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Pension problems see retirement age climb higher

Pension problems see retirement age climb higher

Category: Pensions

Updated: 05/10/2012
First Published: 17/02/2012

This article was correct at the time of publication. It is now over 6 months old so the content may be out of date.

People are working later into life with more men now not retiring until they have almost reached the state pension age of 65, official data has revealed.

According to the Office for National Statistics (ONS), the average age at which men give up work to take their pension increased from 63.8 years in 2004 to 64.6 years in 2010.

Over the same period, the working lives of women extended by an even longer period of one year and one month, rising from 61.2 years to 62.3 years.

The ONS also published figures highlighting how important the decision to raise the state pension age (SPA) will prove in terms of making the system sustainable.

According to the data, there were 3.2 people of working age supporting each person of SPA and over in the UK in 2010, and without any changes to SPA, this 'old age support ratio' would drop to 2.0 by 2051.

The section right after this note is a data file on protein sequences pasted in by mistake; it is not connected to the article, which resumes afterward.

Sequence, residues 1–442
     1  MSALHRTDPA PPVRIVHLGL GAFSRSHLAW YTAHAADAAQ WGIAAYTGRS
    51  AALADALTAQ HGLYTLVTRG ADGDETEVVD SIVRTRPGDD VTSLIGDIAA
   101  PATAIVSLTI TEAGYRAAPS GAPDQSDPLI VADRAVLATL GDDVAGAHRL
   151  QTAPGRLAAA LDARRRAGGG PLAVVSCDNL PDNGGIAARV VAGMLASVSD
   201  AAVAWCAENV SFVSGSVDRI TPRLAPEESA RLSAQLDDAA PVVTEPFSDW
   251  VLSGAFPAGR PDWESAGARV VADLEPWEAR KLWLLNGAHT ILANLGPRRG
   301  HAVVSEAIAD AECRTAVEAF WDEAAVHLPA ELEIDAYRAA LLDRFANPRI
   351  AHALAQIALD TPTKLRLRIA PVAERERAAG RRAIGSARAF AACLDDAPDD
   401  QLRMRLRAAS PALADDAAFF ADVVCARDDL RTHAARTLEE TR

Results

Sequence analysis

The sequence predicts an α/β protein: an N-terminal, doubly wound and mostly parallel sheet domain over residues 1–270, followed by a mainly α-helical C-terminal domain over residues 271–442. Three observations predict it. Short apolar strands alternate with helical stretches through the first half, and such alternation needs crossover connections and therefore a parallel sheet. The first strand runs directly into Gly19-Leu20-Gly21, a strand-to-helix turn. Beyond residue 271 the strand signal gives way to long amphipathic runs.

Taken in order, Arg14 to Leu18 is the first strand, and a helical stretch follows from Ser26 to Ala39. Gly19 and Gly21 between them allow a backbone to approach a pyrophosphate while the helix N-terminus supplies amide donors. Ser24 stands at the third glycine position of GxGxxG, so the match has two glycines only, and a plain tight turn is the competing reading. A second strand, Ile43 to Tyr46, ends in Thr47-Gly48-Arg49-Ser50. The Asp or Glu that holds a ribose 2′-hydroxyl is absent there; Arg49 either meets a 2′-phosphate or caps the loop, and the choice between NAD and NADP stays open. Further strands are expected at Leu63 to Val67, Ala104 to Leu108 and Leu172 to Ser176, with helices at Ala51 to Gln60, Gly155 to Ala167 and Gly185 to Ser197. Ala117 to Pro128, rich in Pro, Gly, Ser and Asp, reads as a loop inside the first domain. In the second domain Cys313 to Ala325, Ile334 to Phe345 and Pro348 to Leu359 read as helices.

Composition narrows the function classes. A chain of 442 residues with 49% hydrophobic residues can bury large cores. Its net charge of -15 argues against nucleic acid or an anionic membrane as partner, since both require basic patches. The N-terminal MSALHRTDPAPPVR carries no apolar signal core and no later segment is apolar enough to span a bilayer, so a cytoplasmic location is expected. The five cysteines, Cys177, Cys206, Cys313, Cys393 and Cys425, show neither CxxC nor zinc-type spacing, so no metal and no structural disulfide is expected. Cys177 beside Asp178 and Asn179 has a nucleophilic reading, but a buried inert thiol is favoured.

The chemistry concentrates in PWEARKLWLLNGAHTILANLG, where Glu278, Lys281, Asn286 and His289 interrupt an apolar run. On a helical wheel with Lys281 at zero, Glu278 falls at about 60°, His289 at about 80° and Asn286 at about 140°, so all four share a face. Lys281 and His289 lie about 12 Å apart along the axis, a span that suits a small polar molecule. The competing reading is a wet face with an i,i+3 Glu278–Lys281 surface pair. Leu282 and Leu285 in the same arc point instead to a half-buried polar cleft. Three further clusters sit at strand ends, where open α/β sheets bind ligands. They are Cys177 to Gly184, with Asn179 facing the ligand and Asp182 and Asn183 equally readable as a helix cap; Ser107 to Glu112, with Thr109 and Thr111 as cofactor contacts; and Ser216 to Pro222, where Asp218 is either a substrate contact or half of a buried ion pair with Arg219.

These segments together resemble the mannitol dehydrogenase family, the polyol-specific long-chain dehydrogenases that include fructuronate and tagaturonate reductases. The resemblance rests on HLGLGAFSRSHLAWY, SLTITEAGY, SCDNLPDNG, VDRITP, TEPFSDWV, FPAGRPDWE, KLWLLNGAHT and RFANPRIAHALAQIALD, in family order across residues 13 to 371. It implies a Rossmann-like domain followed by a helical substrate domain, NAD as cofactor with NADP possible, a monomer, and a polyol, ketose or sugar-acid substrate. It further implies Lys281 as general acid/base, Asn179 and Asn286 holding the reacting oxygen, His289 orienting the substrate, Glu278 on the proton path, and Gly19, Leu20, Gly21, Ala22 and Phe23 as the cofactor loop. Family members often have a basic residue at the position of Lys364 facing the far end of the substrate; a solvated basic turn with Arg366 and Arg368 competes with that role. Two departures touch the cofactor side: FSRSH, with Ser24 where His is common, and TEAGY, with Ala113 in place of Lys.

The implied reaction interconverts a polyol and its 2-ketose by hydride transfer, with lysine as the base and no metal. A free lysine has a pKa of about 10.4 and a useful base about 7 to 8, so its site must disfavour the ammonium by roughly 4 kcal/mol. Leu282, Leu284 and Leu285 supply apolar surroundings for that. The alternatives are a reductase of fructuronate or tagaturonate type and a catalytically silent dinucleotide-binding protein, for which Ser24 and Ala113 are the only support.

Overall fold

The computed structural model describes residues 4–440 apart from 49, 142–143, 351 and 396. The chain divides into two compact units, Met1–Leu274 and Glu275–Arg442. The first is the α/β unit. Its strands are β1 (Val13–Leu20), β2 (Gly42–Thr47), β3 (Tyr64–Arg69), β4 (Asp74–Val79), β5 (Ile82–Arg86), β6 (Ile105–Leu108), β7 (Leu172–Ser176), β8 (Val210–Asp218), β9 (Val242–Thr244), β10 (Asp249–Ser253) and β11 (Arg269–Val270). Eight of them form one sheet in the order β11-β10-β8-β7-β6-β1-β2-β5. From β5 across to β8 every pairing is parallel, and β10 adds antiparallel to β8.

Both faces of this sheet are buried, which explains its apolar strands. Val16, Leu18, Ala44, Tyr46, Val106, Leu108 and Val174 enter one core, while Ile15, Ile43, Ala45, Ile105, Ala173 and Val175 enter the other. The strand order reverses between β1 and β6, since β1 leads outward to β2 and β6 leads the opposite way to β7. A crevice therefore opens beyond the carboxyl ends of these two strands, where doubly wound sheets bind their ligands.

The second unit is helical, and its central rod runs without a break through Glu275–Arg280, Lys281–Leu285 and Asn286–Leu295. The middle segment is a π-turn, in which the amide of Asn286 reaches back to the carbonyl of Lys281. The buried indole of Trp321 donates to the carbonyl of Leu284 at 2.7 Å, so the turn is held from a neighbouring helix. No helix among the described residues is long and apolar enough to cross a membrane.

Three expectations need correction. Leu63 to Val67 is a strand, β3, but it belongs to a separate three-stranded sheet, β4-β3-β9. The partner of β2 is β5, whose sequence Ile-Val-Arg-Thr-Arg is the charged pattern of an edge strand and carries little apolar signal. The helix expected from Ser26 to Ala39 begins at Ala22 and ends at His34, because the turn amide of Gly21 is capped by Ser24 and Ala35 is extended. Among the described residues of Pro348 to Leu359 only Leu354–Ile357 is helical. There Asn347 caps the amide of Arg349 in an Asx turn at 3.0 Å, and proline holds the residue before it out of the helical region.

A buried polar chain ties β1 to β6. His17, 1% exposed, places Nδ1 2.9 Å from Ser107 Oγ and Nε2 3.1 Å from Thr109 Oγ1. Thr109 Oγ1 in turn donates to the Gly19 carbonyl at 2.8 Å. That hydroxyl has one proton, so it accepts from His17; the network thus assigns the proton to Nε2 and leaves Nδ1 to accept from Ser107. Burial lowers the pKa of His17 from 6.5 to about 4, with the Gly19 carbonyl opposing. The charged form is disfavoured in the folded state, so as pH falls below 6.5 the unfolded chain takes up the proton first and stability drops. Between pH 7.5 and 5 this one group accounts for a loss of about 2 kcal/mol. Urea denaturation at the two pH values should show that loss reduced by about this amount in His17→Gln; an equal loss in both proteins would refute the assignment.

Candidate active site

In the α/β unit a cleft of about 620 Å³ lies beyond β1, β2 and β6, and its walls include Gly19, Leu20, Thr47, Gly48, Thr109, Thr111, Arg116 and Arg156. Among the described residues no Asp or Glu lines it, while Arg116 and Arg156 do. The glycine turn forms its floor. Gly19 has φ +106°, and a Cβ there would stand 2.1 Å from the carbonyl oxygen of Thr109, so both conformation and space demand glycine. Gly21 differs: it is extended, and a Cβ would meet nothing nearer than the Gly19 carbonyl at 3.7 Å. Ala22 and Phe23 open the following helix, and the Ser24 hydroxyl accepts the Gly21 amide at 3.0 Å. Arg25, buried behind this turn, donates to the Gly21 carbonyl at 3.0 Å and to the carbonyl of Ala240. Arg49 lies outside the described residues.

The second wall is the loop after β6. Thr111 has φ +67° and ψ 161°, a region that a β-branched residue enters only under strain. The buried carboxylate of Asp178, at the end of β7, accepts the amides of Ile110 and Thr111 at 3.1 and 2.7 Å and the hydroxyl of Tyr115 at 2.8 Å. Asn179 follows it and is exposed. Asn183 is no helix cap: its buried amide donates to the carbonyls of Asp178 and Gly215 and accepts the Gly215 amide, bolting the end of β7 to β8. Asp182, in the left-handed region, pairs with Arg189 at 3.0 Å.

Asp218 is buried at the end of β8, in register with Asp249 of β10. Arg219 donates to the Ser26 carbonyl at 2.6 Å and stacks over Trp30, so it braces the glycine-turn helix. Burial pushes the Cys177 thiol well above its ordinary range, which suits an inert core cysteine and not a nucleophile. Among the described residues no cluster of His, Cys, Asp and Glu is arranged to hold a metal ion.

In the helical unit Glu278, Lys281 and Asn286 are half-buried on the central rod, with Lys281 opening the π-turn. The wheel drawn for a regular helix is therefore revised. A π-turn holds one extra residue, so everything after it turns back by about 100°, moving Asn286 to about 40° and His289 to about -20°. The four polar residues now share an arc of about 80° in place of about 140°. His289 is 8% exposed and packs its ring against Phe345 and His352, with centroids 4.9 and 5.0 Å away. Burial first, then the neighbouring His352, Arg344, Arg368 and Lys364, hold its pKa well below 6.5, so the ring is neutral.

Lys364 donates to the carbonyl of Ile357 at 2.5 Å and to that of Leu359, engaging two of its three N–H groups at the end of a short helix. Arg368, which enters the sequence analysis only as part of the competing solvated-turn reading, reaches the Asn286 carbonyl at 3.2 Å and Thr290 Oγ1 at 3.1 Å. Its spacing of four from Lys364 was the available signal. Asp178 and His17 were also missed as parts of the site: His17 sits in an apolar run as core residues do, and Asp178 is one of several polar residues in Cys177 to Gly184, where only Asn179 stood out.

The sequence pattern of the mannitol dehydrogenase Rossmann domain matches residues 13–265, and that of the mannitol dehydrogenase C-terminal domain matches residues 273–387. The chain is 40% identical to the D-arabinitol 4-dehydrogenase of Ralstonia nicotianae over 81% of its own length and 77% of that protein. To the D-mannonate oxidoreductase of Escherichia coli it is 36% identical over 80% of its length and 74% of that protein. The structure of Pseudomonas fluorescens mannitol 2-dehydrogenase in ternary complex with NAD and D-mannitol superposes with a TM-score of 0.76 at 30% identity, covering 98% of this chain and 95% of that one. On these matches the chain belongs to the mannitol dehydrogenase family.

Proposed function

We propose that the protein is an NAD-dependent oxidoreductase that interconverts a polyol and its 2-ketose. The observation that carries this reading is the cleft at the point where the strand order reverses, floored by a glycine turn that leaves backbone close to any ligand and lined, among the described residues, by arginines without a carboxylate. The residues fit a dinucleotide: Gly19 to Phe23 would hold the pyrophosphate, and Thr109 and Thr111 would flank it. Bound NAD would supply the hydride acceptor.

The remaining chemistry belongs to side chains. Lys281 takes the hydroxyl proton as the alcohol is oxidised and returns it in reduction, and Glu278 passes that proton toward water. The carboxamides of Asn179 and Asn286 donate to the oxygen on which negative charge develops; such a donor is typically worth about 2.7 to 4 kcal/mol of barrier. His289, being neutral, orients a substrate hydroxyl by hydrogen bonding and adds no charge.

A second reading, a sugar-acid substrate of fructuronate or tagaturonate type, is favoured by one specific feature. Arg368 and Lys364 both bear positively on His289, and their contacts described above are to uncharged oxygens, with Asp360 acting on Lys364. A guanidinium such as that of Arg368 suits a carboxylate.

However, with the SPA already beginning to increase for women and SPA for both sexes set to rise to 68 by 2046, the ONS projects the ratio will fall less, to 2.9 by 2051.

"The figures confirm the wide spread belief that people are indeed retiring later, and we expect this to rise as state pension age moves upwards," said Mike Morrison, head of pensions development at AXA Wealth.

"As the time spent in retirement increases proportionately, the need to save and invest for this period becomes ever more important."

The research has been published in the same week that Prudential claimed a new 'retirement reality' had hit many potential retirees.

Its own survey revealed one in ten people who had planned to give up work in 2012 will put off drawing their pension for the time being.

According to Prudential, at least 50,000 people will have their retirement dreams dashed this year alone as the rising cost of living and falling pension payouts take their toll.

Of those who have decided to defer their retirement, a third (32 per cent) claim they simply do not want to retire yet.

However, two thirds (68 per cent) claim they have shelved their retirement plans because they can't afford to give up work.

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